World Bulletin / News Desk
Thousands of protesters marched through Paris on Sunday against a European fiscal pact, the first major display of public anger to face President Francois Hollande since his May election.
The march organised by the Left Front coalition drew trade unionists, far-left sympathisers and other opponents of the EU accord, two days before lawmakers start to debate a draft law of the budget pact in the lower house of parliament.
The budget discipline pact, which Hollande supports, is expected to pass in both houses of parliament thanks to support from Socialist lawmakers helped by advocates of fiscal discipline in the centre-right opposition.
But the vote has exposed rifts in Hollande's ruling coalition, with far-left allies and Greens planning to vote against it in a challenge to the increasingly unpopular Socialist leader's authority.
If Hollande has to rely on opponents to pass the pact, the vote could deepen the rift in his alliance and embolden left-wing allies seeking a change of course from strict adherence to European deficit targets.
"To him (Hollande), this vote was a formality that simply needed to be rushed through," said Jean-Luc Melenchon, a fiery leftist orator who ranked fourth in an April presidential vote.
"Now he will understand this is not the case, that in France and in the rest of Europe there is an organised opposition to this pact and to all austerity policies."
Wearing his signature red scarf, Melenchon marched at the head of protesters among giant banners bearing slogans such as "Francois Hollande, We Don't Want Your Treaty" and "In Greece and in France, Let's Fight Against Finance".
It was the latest in a series of protests across southern Europe this week as tens of thousands took to streets in Spain, Italy, Greece and Portugal to voice their anger over hardship imposed by austerity policies.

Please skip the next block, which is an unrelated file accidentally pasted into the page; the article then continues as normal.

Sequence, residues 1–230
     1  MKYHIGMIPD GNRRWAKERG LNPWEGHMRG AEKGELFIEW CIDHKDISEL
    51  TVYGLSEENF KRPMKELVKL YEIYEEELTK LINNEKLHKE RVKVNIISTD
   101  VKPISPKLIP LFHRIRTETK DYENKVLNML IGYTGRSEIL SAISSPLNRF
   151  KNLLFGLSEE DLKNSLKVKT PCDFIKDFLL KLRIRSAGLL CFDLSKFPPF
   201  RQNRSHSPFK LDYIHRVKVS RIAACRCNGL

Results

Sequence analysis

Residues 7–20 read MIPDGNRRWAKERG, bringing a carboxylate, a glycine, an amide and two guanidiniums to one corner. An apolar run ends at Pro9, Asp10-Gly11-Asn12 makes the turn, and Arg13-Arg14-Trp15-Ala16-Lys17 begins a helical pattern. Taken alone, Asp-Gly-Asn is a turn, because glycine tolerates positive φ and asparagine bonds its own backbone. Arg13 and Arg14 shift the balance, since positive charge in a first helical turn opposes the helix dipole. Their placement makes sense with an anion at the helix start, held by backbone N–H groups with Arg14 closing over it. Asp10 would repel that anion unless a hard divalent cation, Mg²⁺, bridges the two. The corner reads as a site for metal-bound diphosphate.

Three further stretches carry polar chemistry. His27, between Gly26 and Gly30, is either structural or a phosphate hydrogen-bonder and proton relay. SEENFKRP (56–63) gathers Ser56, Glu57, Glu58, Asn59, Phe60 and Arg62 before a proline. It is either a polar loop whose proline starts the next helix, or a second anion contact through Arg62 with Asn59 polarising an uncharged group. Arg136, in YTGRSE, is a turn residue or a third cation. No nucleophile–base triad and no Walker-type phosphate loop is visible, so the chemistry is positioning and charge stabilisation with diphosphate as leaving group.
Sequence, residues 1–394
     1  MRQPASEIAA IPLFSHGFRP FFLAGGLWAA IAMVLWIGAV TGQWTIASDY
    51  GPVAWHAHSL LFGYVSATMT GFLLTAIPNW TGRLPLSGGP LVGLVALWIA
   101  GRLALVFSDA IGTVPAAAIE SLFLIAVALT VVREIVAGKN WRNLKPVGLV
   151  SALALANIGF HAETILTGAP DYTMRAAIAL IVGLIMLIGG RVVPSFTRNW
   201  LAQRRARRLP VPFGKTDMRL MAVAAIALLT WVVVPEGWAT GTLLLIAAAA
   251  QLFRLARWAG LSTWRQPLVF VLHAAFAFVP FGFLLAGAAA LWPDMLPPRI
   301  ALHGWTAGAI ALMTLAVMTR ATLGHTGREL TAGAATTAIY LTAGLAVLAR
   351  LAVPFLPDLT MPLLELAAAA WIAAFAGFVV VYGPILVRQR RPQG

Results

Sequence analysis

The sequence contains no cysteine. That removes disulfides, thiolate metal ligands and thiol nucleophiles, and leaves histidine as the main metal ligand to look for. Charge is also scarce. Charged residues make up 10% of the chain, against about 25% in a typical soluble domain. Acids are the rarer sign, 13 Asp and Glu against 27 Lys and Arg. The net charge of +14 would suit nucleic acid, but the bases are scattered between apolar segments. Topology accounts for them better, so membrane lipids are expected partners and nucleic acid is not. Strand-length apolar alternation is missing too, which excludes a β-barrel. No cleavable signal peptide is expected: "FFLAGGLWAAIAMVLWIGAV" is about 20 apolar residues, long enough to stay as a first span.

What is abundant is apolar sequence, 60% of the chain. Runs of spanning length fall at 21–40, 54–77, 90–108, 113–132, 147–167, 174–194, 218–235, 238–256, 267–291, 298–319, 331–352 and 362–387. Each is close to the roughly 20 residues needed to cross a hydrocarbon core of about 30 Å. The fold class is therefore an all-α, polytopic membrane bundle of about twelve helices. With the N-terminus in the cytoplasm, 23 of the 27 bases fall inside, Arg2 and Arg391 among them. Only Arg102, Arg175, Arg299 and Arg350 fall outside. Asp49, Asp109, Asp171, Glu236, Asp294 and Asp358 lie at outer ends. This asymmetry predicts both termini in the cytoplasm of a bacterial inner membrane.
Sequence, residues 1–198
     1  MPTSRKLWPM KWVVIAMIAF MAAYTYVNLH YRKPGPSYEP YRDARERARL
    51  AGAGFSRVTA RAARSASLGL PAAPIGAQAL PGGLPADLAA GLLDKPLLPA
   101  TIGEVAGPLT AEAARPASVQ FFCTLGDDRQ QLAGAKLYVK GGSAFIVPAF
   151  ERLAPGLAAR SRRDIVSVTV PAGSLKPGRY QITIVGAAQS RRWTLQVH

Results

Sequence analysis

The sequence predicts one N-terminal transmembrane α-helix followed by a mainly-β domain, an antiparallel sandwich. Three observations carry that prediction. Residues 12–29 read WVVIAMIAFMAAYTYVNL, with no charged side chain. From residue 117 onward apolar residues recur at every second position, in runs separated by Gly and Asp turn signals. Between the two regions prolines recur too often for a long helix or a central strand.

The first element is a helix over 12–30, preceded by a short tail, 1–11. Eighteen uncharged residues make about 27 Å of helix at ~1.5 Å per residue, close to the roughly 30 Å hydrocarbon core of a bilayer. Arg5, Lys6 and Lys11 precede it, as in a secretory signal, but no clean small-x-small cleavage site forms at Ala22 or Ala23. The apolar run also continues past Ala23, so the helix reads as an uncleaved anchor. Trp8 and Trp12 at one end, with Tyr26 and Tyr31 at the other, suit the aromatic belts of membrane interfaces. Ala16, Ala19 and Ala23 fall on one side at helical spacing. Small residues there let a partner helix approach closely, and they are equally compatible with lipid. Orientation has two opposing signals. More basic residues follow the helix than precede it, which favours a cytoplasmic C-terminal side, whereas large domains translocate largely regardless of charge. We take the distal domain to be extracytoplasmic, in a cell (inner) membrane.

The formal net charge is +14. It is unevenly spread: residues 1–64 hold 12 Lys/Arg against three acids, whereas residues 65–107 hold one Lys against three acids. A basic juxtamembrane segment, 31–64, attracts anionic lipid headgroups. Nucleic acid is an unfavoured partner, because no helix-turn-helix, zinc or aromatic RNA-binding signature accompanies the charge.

For Hollande, the outcry from many people who voted him into power highlights the difficulty of pleasing a largely left-wing support base even as he shuns painful cuts to welfare programmes.
A 2013 budget unveiled on Friday shaves 30 billion euros off the public deficit, largely through tax increases on big businesses and the wealthy. But it avoids the type of painful austerity measures imposed elsewhere in Europe.
Efforts to preserve the generous public safety net have done little to preserve Hollande's approval rating, which has plummeted since his election, hitting a low of 43 percent in one poll last week.
"This treaty will considerably worsen the situation in the European Union and in France," said one protester, Pierre Khalfa. "We can already see that austerity policies in Europe are leading to recession, so we need to start a movement against these policies, which will lead our country into a wall."
Left Front organisers said some 40,000 people joined the Paris protest. Police declined to provide an estimate.
Ecuador, Egypt, Pakistan, Venezuela, Belize, Cuba, Cyprus, Greece, Jamaica and Ukraine are all on the verge of a default, according to Moody's ratings.
A World Trade Organisation pact to ease worldwide customs rules collapsed late on Thursday over India's demands for concessions on agricultural stockpiling.
India's new nationalist government has insisted that a permanent agreement on its subsidised food stockpiling must be in place at the same time as the trade facilitation deal
Chemicals firm LyondellBasell has emerged as the mystery American buyer of Kurdish crude oil this year, but said it will not be buying any more
Some EU member states remain nervous about the impact on their own fragile economies. The sanctions deal was agreed only after initial proposals were narrowed.
Bankers in Singapore say Russians looking for a new Cyprus have come to the wrong place.
The default could get much messier and take longer to clear up if creditors force an "acceleration" for early payment on their bonds.
The ban came a day after the European Union and United States imposed their first sanctions aimed at hitting broad sectors of the Russian economy
Russia called new U.S. sanctions "destructive and short-sighted"
While the default will obviously hurt the economy, it will not be as severe as in 2001, economists say
The Czechs, who supported the action, have been against sweeping sanctions, worried about trade relations with Russia
The trade program has been criticized for disproportionately benefiting certain industries and a handful of countries, including Nigeria, South Africa and Angola.
The United Kalavrvta tanker, carrying some 1 million barrels of crude worth about $100 million, arrived off the coast of Texas on Saturday but has yet to unload its disputed cargo.
The uncertainty comes at a bad time for the 18 countries in the euro zone, whose economy is already in the doldrums.
"Kalashnikov regrets that consumers are faced with such a problem," said spokeswoman Yekaterina Boni.
Cairo and Khartoum had earlier accepted a proposal by Addis Ababa to hold the talks in Sudan in the third week of August.